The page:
Thursday 23 June 2016

Learning to celebrate my son's birthday.. his way not mine!

Presents and toys, birthday badges and party invites.

Balloons and banners, fancy dress outfits and homemade cakes.

Silly games of pin the tail on the donkey, musical statues, and ‘who’s the best dancer?’

A hot sweaty house full of giddy kids high on fizzy pop, cup-cakes and E-numbers.

Class friends having a ball as they fling themselves around on an oversized Minion bouncy castle.

And my son laughing and smiling in the middle of it all.

The playground mums huddled around a table laughing and gossiping about the antics of the chair of the PTA at last week’s school disco.

Enjoying a glass of wine and picking at posh nibbles whilst declaring that the diet starts tomorrow.

We air kiss as they leave, and we plan to arrange our next coffee morning with a text tomorrow as they walk down the driveway and clamber into their family cars.

I collapse in a heap on the sofa happily content as I watch him delve into his pile of pressies. Filled with a sense of relief that he has enjoyed all the fuss and that everyone had turned up.

This is what birthdays are all about for kids, aren’t they? We plan lavish events that make us go overdrawn just so we can boast about having the mobile Zoo at the local church hall for our little kiddo’s special day.

Unwritten protocol states that we have to invite the whole class to the party, even the ones we don’t really want to be there.

And then on the big day we pack our kids off to school wearing a flashing birthday badge holding a bag of goodies for them to hand out at the end of the school day.

Well at least this is what I used to think my son’s birthday would look like when I daydreamed about his future all those years ago.

In fact 12 years ago this very day… I was pacing the floor of the maternity ward waiting anxiously for the surgeon to give us the all clear to go down to theatre for my planned C-section.

I was 38 weeks pregnant, tired and hungry. But none of that mattered as were hours away from meeting our little baby boy. I couldn’t wait to hold him in my arms and my mind was full of all the possibilities that lay ahead.

Where have the years gone?  I for one am not the same person I was back then. And my little baby boy is now on the cusp of adulthood. Today my gorgeous smiley little man turned 12.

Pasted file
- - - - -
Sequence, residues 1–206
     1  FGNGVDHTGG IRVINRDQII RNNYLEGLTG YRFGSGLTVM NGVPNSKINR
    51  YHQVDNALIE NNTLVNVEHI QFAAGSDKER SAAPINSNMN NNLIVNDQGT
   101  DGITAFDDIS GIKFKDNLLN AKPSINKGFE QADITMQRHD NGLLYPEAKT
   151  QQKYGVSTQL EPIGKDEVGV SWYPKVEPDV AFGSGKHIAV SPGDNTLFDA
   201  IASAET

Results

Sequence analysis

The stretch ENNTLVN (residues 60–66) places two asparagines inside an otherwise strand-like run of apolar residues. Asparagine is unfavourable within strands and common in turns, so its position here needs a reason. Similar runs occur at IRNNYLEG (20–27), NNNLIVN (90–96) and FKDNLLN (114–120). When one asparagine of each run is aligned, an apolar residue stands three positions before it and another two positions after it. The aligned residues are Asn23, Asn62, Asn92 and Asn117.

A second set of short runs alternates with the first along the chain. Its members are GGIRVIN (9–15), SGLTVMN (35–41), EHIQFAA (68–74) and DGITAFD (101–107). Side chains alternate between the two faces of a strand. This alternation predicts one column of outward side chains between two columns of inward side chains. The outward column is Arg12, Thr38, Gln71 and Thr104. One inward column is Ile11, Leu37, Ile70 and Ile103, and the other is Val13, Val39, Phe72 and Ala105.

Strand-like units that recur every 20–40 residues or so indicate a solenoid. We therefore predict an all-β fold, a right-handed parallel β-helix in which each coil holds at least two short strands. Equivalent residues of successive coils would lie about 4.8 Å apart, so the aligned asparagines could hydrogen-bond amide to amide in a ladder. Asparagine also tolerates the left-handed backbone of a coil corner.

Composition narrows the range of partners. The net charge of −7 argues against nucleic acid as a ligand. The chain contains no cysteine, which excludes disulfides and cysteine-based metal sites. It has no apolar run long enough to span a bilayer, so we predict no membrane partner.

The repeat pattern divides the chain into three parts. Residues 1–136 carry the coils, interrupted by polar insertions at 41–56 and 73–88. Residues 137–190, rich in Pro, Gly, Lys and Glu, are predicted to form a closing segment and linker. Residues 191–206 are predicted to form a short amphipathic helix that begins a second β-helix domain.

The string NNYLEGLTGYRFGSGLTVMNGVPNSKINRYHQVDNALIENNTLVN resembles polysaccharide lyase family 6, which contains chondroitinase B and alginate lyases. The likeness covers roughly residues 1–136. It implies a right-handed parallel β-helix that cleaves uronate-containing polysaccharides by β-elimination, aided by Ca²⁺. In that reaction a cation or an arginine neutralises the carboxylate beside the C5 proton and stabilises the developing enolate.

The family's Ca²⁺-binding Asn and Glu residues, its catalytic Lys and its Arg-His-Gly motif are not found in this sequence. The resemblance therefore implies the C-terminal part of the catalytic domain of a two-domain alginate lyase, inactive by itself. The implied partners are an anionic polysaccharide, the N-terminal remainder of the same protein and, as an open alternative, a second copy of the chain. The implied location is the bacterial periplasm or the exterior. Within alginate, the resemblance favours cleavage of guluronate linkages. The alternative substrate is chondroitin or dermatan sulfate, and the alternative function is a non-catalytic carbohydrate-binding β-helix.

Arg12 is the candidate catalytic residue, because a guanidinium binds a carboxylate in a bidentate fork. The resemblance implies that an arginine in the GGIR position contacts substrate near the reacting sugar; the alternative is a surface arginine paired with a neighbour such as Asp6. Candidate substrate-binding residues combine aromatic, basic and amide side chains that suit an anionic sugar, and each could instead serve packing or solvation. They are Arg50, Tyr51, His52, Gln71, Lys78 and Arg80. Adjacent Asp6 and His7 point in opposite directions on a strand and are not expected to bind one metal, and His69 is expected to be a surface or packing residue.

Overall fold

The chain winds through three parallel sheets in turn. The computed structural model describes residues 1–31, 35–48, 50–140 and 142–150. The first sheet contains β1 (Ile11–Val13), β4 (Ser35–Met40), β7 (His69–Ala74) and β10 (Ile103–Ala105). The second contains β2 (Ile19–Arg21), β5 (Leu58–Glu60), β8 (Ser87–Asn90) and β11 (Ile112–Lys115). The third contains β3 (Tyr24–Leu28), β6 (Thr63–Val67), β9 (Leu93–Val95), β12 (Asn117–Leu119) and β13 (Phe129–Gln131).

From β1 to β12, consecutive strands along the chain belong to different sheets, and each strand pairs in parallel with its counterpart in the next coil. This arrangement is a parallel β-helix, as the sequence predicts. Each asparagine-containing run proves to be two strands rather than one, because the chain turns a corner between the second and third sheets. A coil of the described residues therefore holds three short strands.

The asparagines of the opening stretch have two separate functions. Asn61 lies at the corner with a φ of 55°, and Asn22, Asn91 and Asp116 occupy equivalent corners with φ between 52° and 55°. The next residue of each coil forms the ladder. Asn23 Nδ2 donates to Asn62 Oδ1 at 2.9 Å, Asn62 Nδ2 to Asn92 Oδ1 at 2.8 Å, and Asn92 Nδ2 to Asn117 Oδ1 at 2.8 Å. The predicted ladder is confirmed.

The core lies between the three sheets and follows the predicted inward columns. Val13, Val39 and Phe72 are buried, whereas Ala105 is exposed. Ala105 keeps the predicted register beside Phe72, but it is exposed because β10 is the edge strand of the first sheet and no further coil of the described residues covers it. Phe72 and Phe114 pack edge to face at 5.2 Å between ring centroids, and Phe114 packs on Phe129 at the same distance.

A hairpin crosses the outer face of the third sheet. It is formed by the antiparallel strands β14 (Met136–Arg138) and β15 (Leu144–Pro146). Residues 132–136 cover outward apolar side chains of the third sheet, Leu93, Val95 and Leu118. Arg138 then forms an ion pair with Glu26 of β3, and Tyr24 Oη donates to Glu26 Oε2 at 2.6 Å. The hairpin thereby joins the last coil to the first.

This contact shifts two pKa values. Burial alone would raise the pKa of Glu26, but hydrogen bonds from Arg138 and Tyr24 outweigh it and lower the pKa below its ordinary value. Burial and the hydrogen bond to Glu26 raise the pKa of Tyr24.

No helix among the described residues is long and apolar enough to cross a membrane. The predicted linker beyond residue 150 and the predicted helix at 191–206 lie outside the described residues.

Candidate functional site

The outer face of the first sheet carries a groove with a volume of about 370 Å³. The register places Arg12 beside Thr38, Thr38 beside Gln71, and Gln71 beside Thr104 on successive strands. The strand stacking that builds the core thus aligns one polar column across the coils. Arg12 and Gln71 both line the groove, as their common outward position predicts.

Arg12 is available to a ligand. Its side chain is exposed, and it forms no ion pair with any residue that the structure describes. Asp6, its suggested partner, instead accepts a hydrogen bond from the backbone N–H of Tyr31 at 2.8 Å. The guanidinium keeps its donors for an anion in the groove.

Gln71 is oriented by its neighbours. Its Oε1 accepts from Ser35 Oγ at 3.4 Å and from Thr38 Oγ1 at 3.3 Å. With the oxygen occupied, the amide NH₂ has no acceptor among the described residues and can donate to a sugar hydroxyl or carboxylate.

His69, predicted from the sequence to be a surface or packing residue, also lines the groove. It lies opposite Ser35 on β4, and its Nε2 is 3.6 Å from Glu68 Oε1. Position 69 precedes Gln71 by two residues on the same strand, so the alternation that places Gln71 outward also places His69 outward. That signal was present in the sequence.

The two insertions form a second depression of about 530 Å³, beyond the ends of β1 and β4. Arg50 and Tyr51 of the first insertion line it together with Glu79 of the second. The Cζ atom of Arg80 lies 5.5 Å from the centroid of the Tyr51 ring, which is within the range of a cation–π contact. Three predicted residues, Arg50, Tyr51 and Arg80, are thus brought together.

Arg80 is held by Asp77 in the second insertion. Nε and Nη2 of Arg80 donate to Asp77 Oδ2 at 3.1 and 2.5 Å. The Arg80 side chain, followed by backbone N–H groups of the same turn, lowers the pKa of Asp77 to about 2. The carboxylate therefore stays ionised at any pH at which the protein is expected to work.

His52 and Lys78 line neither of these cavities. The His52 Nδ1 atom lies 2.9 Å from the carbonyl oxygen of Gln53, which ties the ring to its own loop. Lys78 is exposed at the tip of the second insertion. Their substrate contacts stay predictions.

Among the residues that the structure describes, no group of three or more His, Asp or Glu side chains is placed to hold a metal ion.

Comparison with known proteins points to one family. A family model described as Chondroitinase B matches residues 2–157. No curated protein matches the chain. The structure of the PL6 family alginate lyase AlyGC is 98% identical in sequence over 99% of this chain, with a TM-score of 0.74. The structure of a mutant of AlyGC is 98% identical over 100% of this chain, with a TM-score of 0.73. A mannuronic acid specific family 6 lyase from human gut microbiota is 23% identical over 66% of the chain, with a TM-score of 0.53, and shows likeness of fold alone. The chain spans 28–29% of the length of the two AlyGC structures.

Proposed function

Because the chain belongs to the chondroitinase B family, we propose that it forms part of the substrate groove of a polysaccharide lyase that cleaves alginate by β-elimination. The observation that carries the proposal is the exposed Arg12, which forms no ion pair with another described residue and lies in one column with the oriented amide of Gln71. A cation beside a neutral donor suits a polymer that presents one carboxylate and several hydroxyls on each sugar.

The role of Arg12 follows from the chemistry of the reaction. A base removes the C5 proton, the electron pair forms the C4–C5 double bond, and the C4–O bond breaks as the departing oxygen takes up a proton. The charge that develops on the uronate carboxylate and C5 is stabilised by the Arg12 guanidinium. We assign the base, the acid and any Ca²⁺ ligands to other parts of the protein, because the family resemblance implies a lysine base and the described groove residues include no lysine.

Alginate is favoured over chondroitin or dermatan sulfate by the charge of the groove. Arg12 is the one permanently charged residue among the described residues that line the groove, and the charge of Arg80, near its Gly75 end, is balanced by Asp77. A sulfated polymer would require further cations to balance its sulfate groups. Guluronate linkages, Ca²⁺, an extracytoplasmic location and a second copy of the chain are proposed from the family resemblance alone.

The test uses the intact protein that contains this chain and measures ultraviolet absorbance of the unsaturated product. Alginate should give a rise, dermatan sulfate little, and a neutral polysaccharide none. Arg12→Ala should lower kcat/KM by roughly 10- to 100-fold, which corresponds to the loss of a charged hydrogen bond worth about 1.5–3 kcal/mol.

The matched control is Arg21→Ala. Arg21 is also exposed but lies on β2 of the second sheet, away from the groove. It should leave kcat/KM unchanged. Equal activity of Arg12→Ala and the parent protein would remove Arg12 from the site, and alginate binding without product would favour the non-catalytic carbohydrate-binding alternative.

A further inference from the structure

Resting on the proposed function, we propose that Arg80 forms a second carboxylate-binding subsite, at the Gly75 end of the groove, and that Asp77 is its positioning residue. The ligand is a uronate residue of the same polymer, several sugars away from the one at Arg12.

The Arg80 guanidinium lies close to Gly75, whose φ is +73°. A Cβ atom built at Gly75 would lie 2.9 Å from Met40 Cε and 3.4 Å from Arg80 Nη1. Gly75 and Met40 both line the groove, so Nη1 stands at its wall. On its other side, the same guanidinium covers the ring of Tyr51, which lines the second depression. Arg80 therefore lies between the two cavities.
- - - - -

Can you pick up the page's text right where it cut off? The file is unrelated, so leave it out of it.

I quickly learned as my son was growing up that birthdays for him would not look like the images I had created in my mind. Don’t get me wrong I tried. For many years I forced him to conform to my idea of what his birthday should look like. I booked the church halls, invited the class and made the cakes.

But my son would cry, he would not want to join in and he wouldn’t want to open his presents. Then the invitations stopped coming his way, and the mums in the playground did not become the friends I had once expected they would.

We had become the ones that weren’t invited and those that did try to invite us didn’t know what to say to me when I had to make excuses for him not being able to go. When I would ask for the exact itinerary of the afternoon’s events, or even worse when he would get upset and cry in front of all his friends, they would look at me with a puzzled sort of confusion that I will never forget.

But I have adapted. I have had to learn that my idea of a perfect birthday isn’t the same as my sons.

So there may not have been a cake in sight today, or a donkey pinned on my living room wall for that matter. But that doesn’t mean he hasn’t had a nice day! He tucked into his favourite food for his tea with one of his closest friends, played multiplayer on his PS4 and snaffled down a whole chocolate brownie with delight.

There was no flashing birthday badge pinned to his school jumper or treat size chocolates being sent into his school this morning. But that’s OK! He woke up and his smile melted my heart. He enjoyed his birthday croissants and cup of tea whilst reading the texts from his family giggling at the lovely messages they had sent him.

There was no giant bouncy castle or dainty cupcakes today. But I’m OK with that because he was. He has bounced on his trampoline, snuggled in his new sleeping bag and brushed the salty popcorn out of his teeth with his new vibrating toothbrush (for longer than he’s ever brushed his teeth before… bonus).

The process of learning to accept this difference hasn’t been an easy one I have to be honest with you. Sometime I have pangs of thinking “if only”...but then I see his happy face, and get such joy from seeing him flapping with excitement as he slides into his new sleeping bag - and  those feelings slip away to be replaced with all-consuming pride. His joy of life is infectious at times like this.

So now I find myself giggling at the things I wrap up as presents sometimes (ice pops, popcorn and shaving foam spring to mind). But it’s what my son loves. It what makes him tick so why not?

And part of my journey as a mother is learning that my son’s journey is his own. It’s not mine, I am merely along for the ride. Its his day, not mine.
So this weekend instead of booking a mobile Zoo for the whole class, I am taking my little man to his favourite Zoo for the day. So he can spend 9 hours doing what he loves surrounded by his favourite animals.  Free, happy, flapping and loving life!